Lukas Püttmann    About    Research    Blog

Career advice from "Doing Good Better", by William MacAskill

I reviewed the book here, but skipped MacAskill’s section on how to choose a career, because it got a bit lengthy already.

His career advice is unusual:

Taken literally, however, the idea of following your passion is terrible advice. Finding a career that’s the right “fit” for you is crucial to finding a career, but believing you must find some preordained “passion” and then pursue jobs that match it is all wrong. […] First, and most simply, most people don’t have passions that fit the world of work. […] Second, your interests change. […] This takes us to our third point against passion, which is that the best predictors of job satisfaction are features of the job itself, rather than facts about personal passion.

I think you don’t actually have to optimize for altruistism to find the following good advice:

This means it’s best to take an empirical approach, trying out different types of work and using your track record to predict how well you’ll perform in the future. At the start of your career, be open-minded about where you’ll eventually be able to perform best.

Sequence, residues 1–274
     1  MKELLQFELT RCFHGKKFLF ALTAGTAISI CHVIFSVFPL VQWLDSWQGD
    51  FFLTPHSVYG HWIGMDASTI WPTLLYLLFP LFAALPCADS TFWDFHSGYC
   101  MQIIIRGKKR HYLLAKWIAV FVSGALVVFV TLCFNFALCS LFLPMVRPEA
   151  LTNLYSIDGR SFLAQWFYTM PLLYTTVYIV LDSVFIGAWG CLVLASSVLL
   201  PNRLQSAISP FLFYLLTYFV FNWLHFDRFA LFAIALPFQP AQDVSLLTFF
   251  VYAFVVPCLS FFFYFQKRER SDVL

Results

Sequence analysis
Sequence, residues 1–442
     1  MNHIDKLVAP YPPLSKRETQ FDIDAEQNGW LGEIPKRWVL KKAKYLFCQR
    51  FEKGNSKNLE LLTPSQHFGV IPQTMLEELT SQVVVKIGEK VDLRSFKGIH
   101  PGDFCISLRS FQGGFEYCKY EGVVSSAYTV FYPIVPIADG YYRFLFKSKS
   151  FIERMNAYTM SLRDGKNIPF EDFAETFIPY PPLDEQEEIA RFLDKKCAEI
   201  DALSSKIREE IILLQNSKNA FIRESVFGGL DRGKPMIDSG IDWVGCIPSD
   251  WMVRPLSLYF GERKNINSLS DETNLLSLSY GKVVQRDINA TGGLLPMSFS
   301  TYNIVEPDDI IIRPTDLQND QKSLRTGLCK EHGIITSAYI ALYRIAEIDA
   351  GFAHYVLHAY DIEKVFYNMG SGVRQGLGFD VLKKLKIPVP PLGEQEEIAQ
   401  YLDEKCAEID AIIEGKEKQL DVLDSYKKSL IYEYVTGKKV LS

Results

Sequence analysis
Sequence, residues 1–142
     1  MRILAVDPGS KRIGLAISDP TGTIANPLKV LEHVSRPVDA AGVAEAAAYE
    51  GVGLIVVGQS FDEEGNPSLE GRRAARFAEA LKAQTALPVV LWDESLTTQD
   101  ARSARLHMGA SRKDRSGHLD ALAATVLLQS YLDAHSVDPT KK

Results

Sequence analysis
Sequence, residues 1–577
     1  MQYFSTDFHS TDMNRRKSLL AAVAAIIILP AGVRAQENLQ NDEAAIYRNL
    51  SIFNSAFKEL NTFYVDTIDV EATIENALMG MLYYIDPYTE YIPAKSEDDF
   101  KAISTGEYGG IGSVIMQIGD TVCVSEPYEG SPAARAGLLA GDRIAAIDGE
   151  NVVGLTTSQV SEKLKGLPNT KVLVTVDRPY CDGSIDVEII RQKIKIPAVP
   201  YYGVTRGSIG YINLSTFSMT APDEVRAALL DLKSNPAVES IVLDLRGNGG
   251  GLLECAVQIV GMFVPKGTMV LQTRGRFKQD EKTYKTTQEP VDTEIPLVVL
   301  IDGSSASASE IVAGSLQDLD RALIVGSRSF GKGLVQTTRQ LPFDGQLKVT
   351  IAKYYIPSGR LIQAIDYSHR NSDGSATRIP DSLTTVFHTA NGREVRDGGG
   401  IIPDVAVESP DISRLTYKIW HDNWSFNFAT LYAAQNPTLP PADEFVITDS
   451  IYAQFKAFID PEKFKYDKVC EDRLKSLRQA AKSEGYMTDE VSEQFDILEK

Exploration value provides a reason in favor of working in the for-profit sector for a year or two: you might discover that the opportunities there suit you well. People embarking on their careers often neglect these considerations. People often tend to think of choosing a career as an all-or-nothing proposition: a one-off life decision that you make at age twenty-one and that you can’t change later. A way to combat this mistake is to think of career decisions like an entrepreneur would think about starting a company.

I think he takes his advocacy of thinking through the long-run and general equilibrium effects of one’s career choice a bit to far, though. He discusses the choice of a PPE student at Oxford who’s deciding if she should enter politics. But the amount of assumptions and simplifications that go into that analysis make me doubtful if much is learned and reminds of me fermitizing.

MacAskill has taken this focus on career guidance further with his organization 80,000hours. Among other things they publish career reviews. (Luckily they have a positive take on economics PhDs).

Related posts: